Altered mechanosensitivity can explain the substantially increased bone mass in hypoparathyroidism

Research output: Chapter in Book/Report/Conference proceedingConference contributionAcademicpeer-review

81 Downloads (Pure)

Abstract

Hypoparathyroidism (HypoPTH) is characterized by low or absent parathyroid hormone (PTH). It is mainly associated with a drastic suppression of bone turnover by around 80% (Rubin et al., 2008) and a substantial increase in bone mass in the range of 10-32% (Rubin et al., 2008; Abugassa et al., 1993). It is known that PTH can affect bone cells, but how it would lead to such a high net formation in HypoPTH is unclear. In hyperparathyroidism studies it was found that elevated PTH up regulates RANK production in osteoblasts causing increased bone resorption via binding to RANKL expressed on osteoclasts. This suggests that during HypoPTH, RANK would be down regulated thus reducing turnover, which is in agreement with clinical measurements (Rubin et al., 2008). As a result of this reduced turnover, an increase in bone mass would be expected due to filling of the resorption space. However, given that the resorption space accounts only for approx. 5% of the total volume, this effect cannot fully explain the substantial gain in bone mass during HypoPTH As an additional effect of PTH on bone cells, we hypothesize that the sensitivity of the cells to mechanical loading is altered, as already proposed by Frost (Frost, 1987). Support for this hypothesis came later from experiments in which it was shown that osteoblast-like cells are more sensitive to mechanical stimulation in vitro (Ryder and Duncan, 2000; Carvalho et al, 1994) and in vivo (Chow et al., 1998) when PTH is added. To investigate if this hypothesis can explain the marked increase in bone mass seen with HypoPTH, we simulated the proposed effects of HypoPTH using a well established computer model for the simulation of bone remodeling. Simulations were performed for models representing bone biopsies obtained from the iliac of HypoPTH patients at different time points and compared to experimental data.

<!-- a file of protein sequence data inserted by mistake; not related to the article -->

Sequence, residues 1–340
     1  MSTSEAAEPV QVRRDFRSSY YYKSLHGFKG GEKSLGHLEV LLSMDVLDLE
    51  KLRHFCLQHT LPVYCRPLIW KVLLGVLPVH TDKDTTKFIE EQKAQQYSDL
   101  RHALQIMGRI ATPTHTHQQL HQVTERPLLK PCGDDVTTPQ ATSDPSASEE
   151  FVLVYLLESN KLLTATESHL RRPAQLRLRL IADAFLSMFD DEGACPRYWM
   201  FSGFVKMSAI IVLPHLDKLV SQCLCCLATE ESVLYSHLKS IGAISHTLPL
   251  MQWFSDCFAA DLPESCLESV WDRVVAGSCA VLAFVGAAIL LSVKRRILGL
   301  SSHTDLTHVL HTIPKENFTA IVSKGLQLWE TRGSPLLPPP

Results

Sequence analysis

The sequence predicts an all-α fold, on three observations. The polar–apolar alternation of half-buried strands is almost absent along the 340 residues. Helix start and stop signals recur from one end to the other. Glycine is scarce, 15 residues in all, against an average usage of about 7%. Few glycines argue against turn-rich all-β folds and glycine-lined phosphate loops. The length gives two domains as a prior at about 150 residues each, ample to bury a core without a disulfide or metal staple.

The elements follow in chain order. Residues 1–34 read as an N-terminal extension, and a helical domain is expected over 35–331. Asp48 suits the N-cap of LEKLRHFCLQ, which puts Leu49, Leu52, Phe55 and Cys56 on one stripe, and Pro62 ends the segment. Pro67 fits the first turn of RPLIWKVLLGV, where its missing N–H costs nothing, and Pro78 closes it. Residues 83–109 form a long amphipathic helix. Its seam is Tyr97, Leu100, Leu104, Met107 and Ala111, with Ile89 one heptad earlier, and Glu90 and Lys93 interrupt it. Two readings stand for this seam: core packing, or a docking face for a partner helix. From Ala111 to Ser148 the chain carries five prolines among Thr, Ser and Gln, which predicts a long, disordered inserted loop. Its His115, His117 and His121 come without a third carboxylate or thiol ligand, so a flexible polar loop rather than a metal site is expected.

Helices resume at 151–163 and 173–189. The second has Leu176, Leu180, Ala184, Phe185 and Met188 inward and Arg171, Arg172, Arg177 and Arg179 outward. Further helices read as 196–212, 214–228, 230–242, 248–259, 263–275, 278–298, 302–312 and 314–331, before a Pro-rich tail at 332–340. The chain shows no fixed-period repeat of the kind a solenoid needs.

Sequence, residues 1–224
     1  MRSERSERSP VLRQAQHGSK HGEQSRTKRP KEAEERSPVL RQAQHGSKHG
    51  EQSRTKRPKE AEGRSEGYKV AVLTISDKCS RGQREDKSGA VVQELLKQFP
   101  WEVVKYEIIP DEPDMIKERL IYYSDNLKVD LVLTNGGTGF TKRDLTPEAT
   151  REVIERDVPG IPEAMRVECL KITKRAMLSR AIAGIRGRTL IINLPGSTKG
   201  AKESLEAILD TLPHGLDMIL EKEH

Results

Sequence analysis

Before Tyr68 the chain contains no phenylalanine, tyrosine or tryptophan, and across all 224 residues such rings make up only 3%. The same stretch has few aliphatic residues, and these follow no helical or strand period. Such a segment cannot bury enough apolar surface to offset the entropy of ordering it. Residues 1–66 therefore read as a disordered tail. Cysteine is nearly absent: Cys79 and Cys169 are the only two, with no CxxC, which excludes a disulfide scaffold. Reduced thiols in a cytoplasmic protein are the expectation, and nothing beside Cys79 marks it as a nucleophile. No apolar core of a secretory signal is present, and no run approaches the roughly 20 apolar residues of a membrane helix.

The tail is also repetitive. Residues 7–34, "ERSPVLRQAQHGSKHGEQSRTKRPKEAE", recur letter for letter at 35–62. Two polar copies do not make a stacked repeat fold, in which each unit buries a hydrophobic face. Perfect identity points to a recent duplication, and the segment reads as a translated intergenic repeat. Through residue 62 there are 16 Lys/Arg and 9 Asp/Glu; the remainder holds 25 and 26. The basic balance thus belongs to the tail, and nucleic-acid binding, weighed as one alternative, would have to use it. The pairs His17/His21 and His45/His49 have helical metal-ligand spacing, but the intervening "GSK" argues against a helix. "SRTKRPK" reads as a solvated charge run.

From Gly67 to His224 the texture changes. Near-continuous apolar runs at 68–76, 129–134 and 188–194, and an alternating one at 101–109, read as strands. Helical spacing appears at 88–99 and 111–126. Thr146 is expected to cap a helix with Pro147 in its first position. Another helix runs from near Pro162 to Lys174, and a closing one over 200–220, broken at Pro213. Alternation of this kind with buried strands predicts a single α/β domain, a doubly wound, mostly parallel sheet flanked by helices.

Original languageEnglish
Title of host publicationProceedings of the ASME 2011 Summer Bioengineering Conference, June 22-25, Nemacolin Woodlands Resort, Farmington, Pennsylvania, USA
PublisherAmerican Society of Mechanical Engineers
Publication statusPublished - 2011
EventASME 2011 Summer Bioengineering Conference (SBC 2011) - Farmington, United States
Duration: 22 Jun 201125 Jun 2011
http://www.asmeconferences.org/sbc2011/

Conference

ConferenceASME 2011 Summer Bioengineering Conference (SBC 2011)
Abbreviated titleSBC 2011
CountryUnited States
CityFarmington
Period22/06/1125/06/11
Other
Internet address

Fingerprint Dive into the research topics of 'Altered mechanosensitivity can explain the substantially increased bone mass in hypoparathyroidism'. Together they form a unique fingerprint.

Cite this